Harley Quinnâ€™s Revenge is a cruel, cruel joke.
While Batman: Arkham City serves as one of the finest examples of a character-driven narrative in recent gaming history, managing to take established characters in an established universe, yet pull off enough jaw-dropping, awe-inspiring and tear-jerking moments in the third act alone to justify the game’s purchase, theÂ Harley Quinnâ€™s Revenge DLC serves as an epilogue whereâ€¦very little happens. Even though the story takes place two weeks after the game proper, we barely get to see much of the aftershock on Gotham City, or its residents, aside from the fact that Harley Quinn (and Batman) are really, really sad. Batman takes it out on everyone by being very quiet and aloof. Harley Quinn takes it out on everyone byâ€¦well, being Harley Quinn.
Revenge, which is accessed through the gameâ€™s main menu and can be played on its own without interrupting your storyâ€™s save game, opens with Robin arriving at the Steel Mill in Arkham City on the hunt for Batman, who has been missing for two days, ever since Harley escaped prison, kidnapped some cops, and holed herself and her thugs in Mister Jâ€™s olâ€™ hideout. For those of us who did not purchase his challenge pack (i.e, me), this serves as our first chance at playing as Robin, whom we control twice during the story. Although some of his gadgets are a bit different from the Batâ€™s, he really plays the same way as the caped crusaderâ€”a shame, considering how different it feels to play as Catwoman in her missions. There are obstacles that need to be cleared using some of the Boy Wonderâ€™s specific toolset, but by the time you learn how to use them, Robinâ€™s time in the limelight is over, and weâ€™ve back to being olâ€™ tall, dark and brooding.
The entirety of Revenge takes place all around the Steel Mill area; nothing new has been added to the Arkham City map, and you donâ€™t get to explore anywhere outside of the Mill area at all. The level is the same as it was in the game proper, except with a very distinct makeover to display whoâ€™s running the show now, and in what mental state sheâ€™s in. If youâ€™re hoping to explore some new locations, youâ€™re out of luck here. No additional Riddler Trophies, no sidequests. The only thing that subtracts from the linearity of the expansion is the thirty Harley Balloons dotted across the map. If you donâ€™t stop to smell the roses along the way, and die very little, the expansion will take less than two hours to run its course.
And thatâ€™s the thing. This expansion is short, but, for good reason. There is nothing new added to the table in Harley Quinnâ€™s Revenge. The fights are all as difficult as Arkham Cityâ€™s endgame was (harder, if you were like me and hadnâ€™t played much of the game since you finished it last year, thus forgetting most things), but thatâ€™s all they were. There were no new enemy types. There were no new areas to spook mooks in a Predator setting. Harley Quinnâ€™s Revenge adds absolutely nothing to the Arkham City experience.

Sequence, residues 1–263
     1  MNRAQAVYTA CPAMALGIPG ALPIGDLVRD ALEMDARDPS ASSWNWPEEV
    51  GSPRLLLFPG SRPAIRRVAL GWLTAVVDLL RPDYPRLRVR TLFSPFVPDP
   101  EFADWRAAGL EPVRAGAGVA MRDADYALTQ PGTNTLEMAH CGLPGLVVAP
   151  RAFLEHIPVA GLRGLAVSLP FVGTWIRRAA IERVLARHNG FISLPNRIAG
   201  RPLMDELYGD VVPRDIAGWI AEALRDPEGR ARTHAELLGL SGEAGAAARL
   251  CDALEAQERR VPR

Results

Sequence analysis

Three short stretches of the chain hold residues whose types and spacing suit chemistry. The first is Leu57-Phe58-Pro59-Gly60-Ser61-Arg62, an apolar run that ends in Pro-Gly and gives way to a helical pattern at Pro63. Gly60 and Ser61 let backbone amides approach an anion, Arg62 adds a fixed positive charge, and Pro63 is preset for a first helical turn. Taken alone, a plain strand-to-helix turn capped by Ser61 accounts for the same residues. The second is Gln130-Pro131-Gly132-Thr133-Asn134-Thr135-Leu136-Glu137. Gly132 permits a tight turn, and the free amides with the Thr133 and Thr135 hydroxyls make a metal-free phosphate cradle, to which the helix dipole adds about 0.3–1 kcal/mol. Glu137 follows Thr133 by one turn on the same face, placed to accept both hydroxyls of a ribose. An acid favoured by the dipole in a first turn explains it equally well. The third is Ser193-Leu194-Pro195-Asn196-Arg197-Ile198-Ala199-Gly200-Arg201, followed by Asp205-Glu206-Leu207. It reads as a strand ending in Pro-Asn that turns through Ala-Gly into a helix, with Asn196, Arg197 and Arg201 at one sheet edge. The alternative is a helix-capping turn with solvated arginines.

The game gives a little bit of backstory as to the state of Gotham through radio broadcasts made by Vicki Vale and the dialogue at the beginning of the mission between Robin and Oracle, but once the story is all said and doneâ€¦it didnâ€™t go anywhere. Harley was doing something bad and crazy, and Batman stopped it. We learn that the events at the climax of Arkham City did a wonder on his attitude. But, we donâ€™t get to see all the effects. This add-on felt like a bridging story from Arkham City to the next Arkham title (Arkham State? Arkham Country? Arkham Austrailia?), but did nothing more than make Harley the big bad of the game for two hours. Granted, it was fun to see her in charge of a gang, after spending a game where it was Penguin, Joker, and Strange in control of whatever was making Batman angry at the moment, but most of the time, it didnâ€™t feel fully realized. Why did the mooks stay with Harley? What did she do to keep herself in charge?
Harley Quinnâ€™s Revenge stands as a disappointing epilogue to an absolutely amazing game. It manages to add nothing to the experience, from a gameplay or a story front. Itâ€™s simply more Arkham City, with a new coat of makeup on the mooks. Itâ€™s ten dollars for two hours of the same thing you did for the first fifteen hours of the game, and thatâ€™s just a really bad joke. Arkham City was too good of a game to have to settle for this as an epilogue. Iâ€™m certainly hoping whatever Rocksteady is cooking up for what Iâ€™d assume will be the third installment in this â€˜verse will bring a lot more innovation and style than this, because this is just lazy. If you loved Arkham City, love Harley Quinn, or just need to hear the Bat interrogate a mook a few more times, wait around for this one to go on sale, because ten dollars for this experience is simply the worst punchline Iâ€™ve ever heard.
YOU MAY ALSO LIKE: